Acute compartment syndrome in children: a case series in 24 patients and review of the literature

Int Orthop. 2011 Apr;35(4):569-75. doi: 10.1007/s00264-010-1016-6. Epub 2010 Apr 18.


Trauma-associated acute compartment syndrome (ACS) of the extremities is a well-known complication in adults. There are only a handful of articles that describe the symptoms, the diagnostic procedure and treatment of ACS in children. The aim of this study was to analyse the diagnostic procedures in children compared to adolescents with ACS to obtain evidence for the diagnosis, treatment and outcome of children with ACS. Twenty-four children and adolescents with ACS have been treated at the Department of Trauma Surgery of the Medical University of Vienna, Austria. Two age-related groups were investigated to compare the diagnostic and therapeutic algorithm: group A comprising children aged 2-14 years (n = 12) and group B comprising adolescents aged 15-18 years (n = 12). Patient characteristics, diagnosis and therapy-associated data, complications and clinical outcome were analysed. In both groups we found fractures in most of our patients (n = 19) followed by contusion of the soft tissues (n = 3). In group A most of our patients were injured as pedestrians in car accidents (n = 5) followed by low-energy blunt trauma (n = 3). The most common region of injury and traumatic ACS was the lower leg (n = 7) followed by the feet (n = 3). For fracture stabilisation most of the patients (n = 6) received an external fixator. The mean time from admission to the fasciotomy was 27.9 hours. In four patients a compartment pressure measurement was performed with pressure levels from 30 to 75 mmHg. A histological examination of soft tissue was performed in five patients. From fasciotomy to definitive wound closure 2.4 operations were necessary. The mean hospital stay was 18.9 days. In group B most of our patients had a motorcycle accident (n = 5). The most common region for traumatic ACS in this group was also the lower leg (n = 9). In most of the patients (n = 6) intramedullary nails could be implanted. The mean time from admission to the fasciotomy was 27.1 hours. In six patients a compartment pressure measurement was performed with pressures from 25 to 90 mmHg. In five patients a histological examination was performed. From fasciotomy to definitive wound closure 2.3 operations were necessary. The mean hospital stay was 18.4 days. Secondary fasciotomy closure was performed in all cases. A split-skin graft was only necessary in three patients (13%). We avoided primary closure in the same setting when the fasciotomy was performed. Thus, we found no difference between the two groups in the diagnostic procedures, the indication for fasciotomy, the number of operations needed from fasciotomy to definitive wound closure, time of hospitalisation and clinical outcome. The rate of permanent complications was 4.2% (one patient from group A), which means that nearly all patients experienced full recovery after fasciotomy. ACS represents a surgical emergency and the indication should be determined early even in doubtful cases to avoid complications.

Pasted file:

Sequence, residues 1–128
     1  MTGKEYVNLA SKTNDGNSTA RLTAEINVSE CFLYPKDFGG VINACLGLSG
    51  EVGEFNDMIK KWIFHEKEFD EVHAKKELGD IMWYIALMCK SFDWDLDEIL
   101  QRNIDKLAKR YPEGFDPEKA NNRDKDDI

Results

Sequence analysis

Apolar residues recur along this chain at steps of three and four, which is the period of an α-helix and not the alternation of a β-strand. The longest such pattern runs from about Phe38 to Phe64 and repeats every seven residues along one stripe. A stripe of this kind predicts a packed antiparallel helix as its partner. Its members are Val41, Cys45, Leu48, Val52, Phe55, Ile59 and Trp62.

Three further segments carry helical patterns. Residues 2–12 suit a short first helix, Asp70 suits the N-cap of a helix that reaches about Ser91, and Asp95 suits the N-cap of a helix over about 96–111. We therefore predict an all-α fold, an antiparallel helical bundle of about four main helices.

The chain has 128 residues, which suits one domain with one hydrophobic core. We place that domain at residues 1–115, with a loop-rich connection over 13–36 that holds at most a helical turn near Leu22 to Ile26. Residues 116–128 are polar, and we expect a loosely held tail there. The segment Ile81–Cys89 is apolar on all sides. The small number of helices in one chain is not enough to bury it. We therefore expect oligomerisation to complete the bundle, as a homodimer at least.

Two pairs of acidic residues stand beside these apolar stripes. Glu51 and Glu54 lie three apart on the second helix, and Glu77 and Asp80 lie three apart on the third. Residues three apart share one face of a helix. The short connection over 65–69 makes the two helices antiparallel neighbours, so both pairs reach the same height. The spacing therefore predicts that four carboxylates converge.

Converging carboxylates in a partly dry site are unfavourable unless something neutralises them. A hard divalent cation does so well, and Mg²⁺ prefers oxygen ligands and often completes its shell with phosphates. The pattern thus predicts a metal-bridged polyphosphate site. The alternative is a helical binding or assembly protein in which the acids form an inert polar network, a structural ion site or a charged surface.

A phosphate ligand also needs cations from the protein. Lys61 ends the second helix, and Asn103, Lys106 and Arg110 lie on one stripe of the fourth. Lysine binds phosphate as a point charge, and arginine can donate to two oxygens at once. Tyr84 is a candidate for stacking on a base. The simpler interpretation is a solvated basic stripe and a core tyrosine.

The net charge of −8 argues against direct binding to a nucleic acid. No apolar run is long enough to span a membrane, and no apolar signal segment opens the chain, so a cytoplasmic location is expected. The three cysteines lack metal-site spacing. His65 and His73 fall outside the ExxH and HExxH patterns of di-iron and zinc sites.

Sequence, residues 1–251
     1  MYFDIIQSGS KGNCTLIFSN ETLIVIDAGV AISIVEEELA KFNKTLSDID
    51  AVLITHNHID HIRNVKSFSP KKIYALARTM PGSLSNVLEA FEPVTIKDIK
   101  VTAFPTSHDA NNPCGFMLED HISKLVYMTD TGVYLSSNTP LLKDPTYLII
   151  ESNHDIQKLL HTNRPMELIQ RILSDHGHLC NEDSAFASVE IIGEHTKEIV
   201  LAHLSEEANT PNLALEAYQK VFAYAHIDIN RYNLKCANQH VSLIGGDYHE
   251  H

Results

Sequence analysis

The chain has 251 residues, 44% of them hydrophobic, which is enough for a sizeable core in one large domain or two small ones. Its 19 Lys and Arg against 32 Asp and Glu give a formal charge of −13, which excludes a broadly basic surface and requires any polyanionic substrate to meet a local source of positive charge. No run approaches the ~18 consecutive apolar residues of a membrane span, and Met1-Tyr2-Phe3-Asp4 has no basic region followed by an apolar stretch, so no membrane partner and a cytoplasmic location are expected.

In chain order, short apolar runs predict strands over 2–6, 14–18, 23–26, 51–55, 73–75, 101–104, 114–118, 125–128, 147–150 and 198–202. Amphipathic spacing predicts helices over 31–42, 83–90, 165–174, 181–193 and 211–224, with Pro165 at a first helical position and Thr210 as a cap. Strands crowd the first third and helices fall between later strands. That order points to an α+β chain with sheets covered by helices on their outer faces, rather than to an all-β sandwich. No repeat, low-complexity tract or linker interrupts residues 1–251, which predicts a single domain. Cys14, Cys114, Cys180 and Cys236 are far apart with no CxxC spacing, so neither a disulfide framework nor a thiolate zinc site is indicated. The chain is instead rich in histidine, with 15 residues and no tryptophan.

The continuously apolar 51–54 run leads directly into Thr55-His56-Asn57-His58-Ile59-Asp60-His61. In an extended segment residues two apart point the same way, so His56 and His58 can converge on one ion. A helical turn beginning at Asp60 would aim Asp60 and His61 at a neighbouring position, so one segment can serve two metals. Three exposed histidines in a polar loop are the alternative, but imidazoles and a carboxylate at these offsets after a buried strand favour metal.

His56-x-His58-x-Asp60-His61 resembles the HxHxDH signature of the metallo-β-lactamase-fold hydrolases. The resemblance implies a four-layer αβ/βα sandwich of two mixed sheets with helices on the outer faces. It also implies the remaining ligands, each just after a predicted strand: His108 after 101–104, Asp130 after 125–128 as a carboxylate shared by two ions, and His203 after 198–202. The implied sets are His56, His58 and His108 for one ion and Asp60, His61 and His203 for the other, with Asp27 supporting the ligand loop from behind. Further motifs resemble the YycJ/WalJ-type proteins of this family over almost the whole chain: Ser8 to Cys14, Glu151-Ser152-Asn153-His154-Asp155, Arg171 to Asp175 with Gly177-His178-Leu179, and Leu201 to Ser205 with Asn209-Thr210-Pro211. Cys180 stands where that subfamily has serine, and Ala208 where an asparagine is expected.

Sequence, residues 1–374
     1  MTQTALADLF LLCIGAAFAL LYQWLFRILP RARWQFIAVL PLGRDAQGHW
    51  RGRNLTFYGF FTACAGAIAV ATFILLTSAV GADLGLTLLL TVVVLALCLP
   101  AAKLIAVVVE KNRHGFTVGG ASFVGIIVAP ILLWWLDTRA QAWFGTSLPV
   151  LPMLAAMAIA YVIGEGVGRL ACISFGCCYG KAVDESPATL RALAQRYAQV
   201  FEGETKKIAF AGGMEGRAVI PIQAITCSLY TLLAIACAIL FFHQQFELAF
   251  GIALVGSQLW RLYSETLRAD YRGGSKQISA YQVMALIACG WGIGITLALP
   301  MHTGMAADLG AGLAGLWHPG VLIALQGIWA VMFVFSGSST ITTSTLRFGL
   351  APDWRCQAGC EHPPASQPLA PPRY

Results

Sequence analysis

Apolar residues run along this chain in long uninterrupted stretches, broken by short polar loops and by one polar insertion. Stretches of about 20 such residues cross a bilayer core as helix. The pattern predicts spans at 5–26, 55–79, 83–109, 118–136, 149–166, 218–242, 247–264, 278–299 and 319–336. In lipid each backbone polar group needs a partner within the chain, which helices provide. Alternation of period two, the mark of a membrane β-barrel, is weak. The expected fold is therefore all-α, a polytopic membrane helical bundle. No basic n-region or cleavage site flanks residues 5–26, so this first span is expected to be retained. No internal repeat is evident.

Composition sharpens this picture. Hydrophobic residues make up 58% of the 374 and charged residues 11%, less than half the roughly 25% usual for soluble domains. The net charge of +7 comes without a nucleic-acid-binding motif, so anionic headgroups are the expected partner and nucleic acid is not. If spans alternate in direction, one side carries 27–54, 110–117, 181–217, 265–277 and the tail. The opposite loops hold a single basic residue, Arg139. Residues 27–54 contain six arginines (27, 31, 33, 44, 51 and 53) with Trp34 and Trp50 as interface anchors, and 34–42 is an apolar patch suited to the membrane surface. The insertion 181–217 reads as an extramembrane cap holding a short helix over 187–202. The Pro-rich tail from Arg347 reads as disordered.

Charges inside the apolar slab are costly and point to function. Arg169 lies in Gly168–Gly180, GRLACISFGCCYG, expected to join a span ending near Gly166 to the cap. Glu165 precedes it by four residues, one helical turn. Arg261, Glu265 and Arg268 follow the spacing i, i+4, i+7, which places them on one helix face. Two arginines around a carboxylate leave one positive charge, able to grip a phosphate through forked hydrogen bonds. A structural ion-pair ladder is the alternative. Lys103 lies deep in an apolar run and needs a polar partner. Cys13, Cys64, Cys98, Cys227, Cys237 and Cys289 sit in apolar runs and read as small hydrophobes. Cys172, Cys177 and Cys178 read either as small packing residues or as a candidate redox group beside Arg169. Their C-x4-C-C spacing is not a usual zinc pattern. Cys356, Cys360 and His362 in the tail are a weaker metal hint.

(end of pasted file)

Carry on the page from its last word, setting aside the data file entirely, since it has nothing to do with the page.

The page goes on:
Publication types

  • Case Reports
  • Review

MeSH terms

  • Acute Disease
  • Adolescent
  • Child
  • Child, Preschool
  • Compartment Syndromes / diagnosis*
  • Compartment Syndromes / etiology
  • Compartment Syndromes / surgery
  • Fascia / injuries
  • Fascia / pathology*
  • Fasciotomy
  • Female
  • Humans
  • Length of Stay
  • Lower Extremity / injuries
  • Lower Extremity / pathology*
  • Lower Extremity / surgery
  • Male
  • Multiple Trauma / complications
  • Multiple Trauma / pathology*
  • Multiple Trauma / surgery
  • Recovery of Function
  • Treatment Outcome